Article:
The highly publicized protests that both groups collectively carried out served to erode India’s international reputation as the self-professed “world’s largest democracy” by getting people to think twice about the veracity of that slogan after it became undeniable that a critical mass of minorities are extremely dissatisfied with the status quo there. With the pro-Khalistan Sikhs’ assistance, the Kashmiris were able to better organize their efforts to draw attention to the humanitarian crisis unfolding in their homeland, while the Khalistan supporters received unprecedented international media coverage that provoked India into intensifying its infowar attacks against them. Indian Mainstream Media is now chock full of unproven but ultimately defamatory allegations purporting that the Khalistani cause is nothing more than a “Pakistani-backed terrorist front” just like they claim that the Kashmiri one is, but these desperate accusations only reveal how afraid India is of the grassroots support that both movements are receiving, as well as ominously hinting that a more forcefulcrackdown is being prepared against the Sikhs on a similar Kashmiri-like “anti-terrorist” basis.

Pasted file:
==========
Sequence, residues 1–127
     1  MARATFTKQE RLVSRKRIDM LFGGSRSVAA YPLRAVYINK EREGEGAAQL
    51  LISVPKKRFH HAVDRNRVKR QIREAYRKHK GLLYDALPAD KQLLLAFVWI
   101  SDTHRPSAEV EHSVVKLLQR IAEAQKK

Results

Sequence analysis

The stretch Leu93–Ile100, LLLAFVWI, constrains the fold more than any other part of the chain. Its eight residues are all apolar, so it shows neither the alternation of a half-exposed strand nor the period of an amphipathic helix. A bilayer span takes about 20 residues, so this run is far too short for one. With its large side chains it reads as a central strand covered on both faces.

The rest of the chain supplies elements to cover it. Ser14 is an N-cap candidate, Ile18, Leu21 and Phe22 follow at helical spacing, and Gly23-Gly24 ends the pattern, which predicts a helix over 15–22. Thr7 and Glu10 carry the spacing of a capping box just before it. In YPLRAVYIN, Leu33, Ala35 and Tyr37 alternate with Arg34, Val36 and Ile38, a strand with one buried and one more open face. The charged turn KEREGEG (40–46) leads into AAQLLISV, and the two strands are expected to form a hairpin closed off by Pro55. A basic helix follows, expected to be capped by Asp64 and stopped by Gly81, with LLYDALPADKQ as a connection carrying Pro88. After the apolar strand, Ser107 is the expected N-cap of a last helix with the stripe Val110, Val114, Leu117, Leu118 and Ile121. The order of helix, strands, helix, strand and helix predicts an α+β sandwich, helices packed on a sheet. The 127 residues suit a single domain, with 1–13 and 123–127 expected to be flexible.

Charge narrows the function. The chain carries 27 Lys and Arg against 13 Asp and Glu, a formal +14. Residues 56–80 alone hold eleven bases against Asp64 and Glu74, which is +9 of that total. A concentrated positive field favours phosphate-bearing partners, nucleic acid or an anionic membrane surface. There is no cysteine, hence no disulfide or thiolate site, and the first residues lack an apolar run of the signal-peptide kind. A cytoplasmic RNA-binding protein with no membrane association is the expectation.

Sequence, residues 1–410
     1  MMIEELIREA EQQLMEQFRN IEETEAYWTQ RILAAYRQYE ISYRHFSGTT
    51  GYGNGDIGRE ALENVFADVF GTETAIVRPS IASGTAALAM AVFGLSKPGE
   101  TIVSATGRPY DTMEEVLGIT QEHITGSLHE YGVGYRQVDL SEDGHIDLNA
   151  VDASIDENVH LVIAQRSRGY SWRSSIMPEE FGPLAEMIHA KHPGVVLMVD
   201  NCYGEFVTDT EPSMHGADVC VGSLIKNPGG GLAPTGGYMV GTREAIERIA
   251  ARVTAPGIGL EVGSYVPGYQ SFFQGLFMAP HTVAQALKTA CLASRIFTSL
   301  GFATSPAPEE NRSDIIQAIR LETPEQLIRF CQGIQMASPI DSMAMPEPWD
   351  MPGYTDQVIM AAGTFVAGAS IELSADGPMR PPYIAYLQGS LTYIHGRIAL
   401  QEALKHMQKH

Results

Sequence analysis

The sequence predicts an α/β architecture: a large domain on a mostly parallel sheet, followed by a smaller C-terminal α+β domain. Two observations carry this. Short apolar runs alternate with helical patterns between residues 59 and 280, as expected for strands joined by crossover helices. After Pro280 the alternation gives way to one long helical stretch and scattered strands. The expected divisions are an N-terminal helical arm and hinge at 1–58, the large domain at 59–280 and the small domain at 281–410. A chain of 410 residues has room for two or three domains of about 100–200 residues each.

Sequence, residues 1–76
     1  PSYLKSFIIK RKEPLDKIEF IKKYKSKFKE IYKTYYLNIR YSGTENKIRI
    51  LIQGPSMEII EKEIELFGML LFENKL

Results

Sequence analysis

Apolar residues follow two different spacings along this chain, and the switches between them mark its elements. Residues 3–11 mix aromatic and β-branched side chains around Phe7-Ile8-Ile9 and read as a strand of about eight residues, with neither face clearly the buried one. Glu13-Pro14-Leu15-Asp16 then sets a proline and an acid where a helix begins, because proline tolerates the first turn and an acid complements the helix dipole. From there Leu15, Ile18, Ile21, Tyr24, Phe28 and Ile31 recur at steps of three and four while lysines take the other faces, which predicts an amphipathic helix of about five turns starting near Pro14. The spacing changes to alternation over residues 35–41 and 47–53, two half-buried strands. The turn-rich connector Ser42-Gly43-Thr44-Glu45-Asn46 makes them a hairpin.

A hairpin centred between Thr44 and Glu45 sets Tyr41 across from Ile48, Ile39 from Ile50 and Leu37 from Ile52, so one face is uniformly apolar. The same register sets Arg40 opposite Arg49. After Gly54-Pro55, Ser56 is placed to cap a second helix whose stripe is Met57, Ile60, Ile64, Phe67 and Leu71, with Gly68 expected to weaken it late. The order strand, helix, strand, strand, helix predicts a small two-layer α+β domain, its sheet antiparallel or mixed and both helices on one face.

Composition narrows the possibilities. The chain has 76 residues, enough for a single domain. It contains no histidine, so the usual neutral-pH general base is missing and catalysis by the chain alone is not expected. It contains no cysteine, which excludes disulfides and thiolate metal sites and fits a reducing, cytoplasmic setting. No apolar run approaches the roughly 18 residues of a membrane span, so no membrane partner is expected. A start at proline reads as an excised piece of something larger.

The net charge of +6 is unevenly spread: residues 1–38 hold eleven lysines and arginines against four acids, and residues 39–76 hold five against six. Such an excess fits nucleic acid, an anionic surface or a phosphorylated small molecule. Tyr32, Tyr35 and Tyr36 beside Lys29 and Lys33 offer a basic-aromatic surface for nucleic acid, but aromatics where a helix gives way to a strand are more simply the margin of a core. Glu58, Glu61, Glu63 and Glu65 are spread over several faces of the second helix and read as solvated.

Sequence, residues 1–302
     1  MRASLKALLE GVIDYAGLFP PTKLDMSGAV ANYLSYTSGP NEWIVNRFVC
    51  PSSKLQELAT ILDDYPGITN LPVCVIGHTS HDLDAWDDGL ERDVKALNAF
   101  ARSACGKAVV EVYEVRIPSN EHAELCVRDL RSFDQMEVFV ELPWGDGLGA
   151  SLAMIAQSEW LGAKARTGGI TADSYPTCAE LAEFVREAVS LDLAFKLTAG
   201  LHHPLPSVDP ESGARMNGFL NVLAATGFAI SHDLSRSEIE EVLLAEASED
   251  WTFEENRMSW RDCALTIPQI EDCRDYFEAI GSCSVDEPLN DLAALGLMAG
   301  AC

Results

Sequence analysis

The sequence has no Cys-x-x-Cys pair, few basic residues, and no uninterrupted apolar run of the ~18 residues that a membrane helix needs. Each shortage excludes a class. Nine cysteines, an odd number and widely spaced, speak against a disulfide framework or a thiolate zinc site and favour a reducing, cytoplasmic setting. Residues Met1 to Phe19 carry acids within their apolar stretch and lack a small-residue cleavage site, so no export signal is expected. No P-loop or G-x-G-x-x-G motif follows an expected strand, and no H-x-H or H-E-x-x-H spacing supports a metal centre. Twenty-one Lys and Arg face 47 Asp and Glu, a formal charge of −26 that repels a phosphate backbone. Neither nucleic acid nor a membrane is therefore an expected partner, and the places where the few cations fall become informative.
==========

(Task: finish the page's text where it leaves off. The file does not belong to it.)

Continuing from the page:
It’s therefore incumbent on the international community to not only take action to avoid a possible bloodbath in Indian-Occupied Kashmir such as the one that Pakistani Prime Minister warned the UN about during his speech last week, but to also take similar moves in Indian Punjab to ensure that nothing of the sort transpires there in the run-up to next year’s planned plebiscite either. It’s impossible to ignore the Khalistani cause after it paired with the Kashmiri one and organized highly effective protests over the past two months that drew global attention to their shared plight, so it’s high time for the international community to put pressure on India to allow the SFJ’s plebiscite to take place along with the Kashmir’s long-overdue one too. At the very least, they should hold India to account for its human rights violations through credible sanctions threats and demand that it allow UN observers into both regions in order to assess the true state of the humanitarian situations there. As the cliched saying goes, “it’s better late than never”, and the same holds true in these two cases since the Kashmiris and Sikhs deserve justice after everything that they’ve suffered in pursuit of self-determination.


By Andrew Korybko
Source: Global Research

One comment

  1. Yes, minority unity goes a long way. It would be nice if the Buddhists in Ladakh, formerly part of J&K, joined forces but I’m not holding my breath.